The recent decision in R. v. Lippa highlights the importance of the differences between lawyers and paralegals.
As the court stated in its ruling on an application by paralegal Marian Lippa, “licensed paralegals are not barristers and solicitors.” This is an important point as the regulation of paralegals moves out of its early infancy. The Law Society of Upper Canada has governed lawyers in Ontario since 1797. This has allowed the regulation of the practice of law in the public interest for quite some time. It has allowed for the establishment, assessment, and revision of standards as necessary.
The licensing of paralegals has been extant for just over five years. The law society’s five-year review of paralegal licensing highlights the fact that, “in spite of extensive communications work by the law society, public awareness has not kept pace with changes in the legal services market, particularly with respect to awareness of the distinction between services provided by lawyers and services provided by paralegals.”
The court in Lippa recognized this important distinction and the dynamic that exists between the two types of licensees, in particular the fact that the ability “of licensed paralegals to act for accused persons in summary conviction matters is not co-extensive with that of lawyers.”
The importance of noting the fact that paralegals don’t have recognition as officers of the court in the same way as lawyers further stresses the differing expectations placed upon the two levels of licensees. Calling lawyers’ matters first recognizes the fact that “as lawyers enjoy a wider audience than licensed paralegals in the criminal courts, such a direction was not arbitrary, discriminatory or unfair. The fact that it inconvenienced Ms. Lippa and caused her to feel slighted when her matters were held down does not mean that it was contrary to the principles of natural justice or otherwise an excess of jurisdiction on the part of the justice of the peace.”
While Lippa clearly wished for direction mandating an equivalency between paralegals and lawyers before the court, the decision reiterates each court’s power to control its own process. The decision allows for local practice to recognize the unique circumstances that may exist in each jurisdiction to allow for a fair and efficient operation of the court, both in seating arrangements and the manner in which it calls the list. Criminal courts are busy places and judicial officers need to be able to make decisions to promote the effective use of the limited resources available. Imposing a requirement on judicial officers to hear from people on management issues would be contrary to the efficient use of resources and, as stated in the case, “would grind the business of the courts to a halt.”
The suggestion given by the court that “it may well be appropriate, particularly in small or crowded courtrooms, to reserve the limited number of seats in front of the bar for lawyers who have been called to the bar and have the widest right of audience in the courts,” allows for a clear division so that arrangements are not random or capricious. This approach allows each court to set its own rules based on the circumstances that most directly affect it. What works in Peterborough, Ont., may not work in Toronto and vice versa.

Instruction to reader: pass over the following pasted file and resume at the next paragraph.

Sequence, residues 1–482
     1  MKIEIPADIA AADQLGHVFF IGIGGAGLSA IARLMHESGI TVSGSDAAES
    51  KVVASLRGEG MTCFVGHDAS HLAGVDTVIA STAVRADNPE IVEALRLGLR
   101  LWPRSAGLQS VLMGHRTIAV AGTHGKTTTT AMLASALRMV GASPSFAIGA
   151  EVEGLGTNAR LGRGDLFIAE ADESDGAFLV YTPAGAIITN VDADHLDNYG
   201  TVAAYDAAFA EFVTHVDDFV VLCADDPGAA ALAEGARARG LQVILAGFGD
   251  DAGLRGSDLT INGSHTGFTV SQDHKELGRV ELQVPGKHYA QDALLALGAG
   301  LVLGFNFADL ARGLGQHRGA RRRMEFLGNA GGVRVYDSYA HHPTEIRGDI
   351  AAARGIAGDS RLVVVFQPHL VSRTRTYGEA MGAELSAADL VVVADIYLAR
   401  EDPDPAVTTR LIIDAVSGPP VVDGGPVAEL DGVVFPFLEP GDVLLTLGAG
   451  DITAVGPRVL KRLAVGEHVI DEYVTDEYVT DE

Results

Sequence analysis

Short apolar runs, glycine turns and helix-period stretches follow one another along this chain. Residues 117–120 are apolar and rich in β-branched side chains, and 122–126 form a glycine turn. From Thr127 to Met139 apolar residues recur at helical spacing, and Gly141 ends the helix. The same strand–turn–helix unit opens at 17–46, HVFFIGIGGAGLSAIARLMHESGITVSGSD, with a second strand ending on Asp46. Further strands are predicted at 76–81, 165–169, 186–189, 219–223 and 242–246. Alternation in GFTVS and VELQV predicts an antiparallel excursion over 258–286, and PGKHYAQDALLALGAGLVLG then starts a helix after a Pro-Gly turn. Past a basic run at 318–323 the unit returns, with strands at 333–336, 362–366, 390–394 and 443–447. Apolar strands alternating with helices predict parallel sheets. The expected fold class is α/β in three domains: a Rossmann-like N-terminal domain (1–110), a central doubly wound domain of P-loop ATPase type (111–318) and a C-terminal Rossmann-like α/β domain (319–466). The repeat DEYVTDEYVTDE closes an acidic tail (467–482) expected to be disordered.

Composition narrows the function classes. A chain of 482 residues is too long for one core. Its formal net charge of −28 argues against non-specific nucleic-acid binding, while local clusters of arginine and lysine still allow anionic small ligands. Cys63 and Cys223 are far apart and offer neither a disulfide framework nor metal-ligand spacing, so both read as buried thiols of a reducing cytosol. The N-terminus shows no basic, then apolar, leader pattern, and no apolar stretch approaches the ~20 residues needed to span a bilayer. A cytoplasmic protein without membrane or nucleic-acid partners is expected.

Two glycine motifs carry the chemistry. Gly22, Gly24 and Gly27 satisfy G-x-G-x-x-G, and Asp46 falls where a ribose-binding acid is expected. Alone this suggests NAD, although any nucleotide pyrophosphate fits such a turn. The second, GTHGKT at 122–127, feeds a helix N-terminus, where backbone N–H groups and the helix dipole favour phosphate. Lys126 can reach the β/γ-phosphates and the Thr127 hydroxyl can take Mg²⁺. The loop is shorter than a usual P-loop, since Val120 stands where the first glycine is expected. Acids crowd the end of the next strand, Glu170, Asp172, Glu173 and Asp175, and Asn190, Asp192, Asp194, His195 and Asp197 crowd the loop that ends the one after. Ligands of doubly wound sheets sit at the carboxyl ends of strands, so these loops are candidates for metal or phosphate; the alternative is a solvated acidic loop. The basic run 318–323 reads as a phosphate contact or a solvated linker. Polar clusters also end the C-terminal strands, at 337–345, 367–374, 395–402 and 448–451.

While the decision does not provide hard and fast rules about what must happen, people will look to the guidance it provides for quite some time. It emphasizes the independence of the court and its ability to control its own procedure. The effective management of the courtroom is a core responsibility of the judicial officer. The judicial officer should work with the other interested parties in the courtroom, especially Crown counsel and the other barristers and solicitors, but the final determination regarding the most effective administration of the court must lie with the person presiding.
Two of the most interesting aspects of this case relate to how rarely parties litigate such issues and the precedential impact it may have. Cases of this kind allow for a review of the history of the legal profession along with the rules and laws that govern us. It is as interesting for its historical review of how matters are dealt with as it is for the legal principles it engages. The interpretation of the Barristers Act is of particular interest to the legal historian. The provisions contained in it have existed in some form or another for more than a century yet they are very rarely subject to litigation. The provisions date back to a time of mixed lists, circuit courts, and even fewer juridical resources than we have today. The endurance of the principles contained therein and the fact that the courts continue to apply them, even in spirit, recognizes the efficacy of such provisions and the manner in which they promote a fair and efficient use of resources.
As our courts continue to get busier and they face the challenge of dealing with matters more efficiently, it will be important to provide an increasingly educated populace, as Superior Court Justice Michelle Fuerst put it in Lippa, with a “sufficient explanation of the process and the rationale for it” in order to allow the justice system to act more expeditiously.
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[/span]For more, see "Two decisions consider status of paralegals versus lawyers."
Nathan Baker, a lawyer at Aitken Robertson Professional Corp. in Peterborough, Ont., acted for the York Region Law Association as an intervener in Lippa.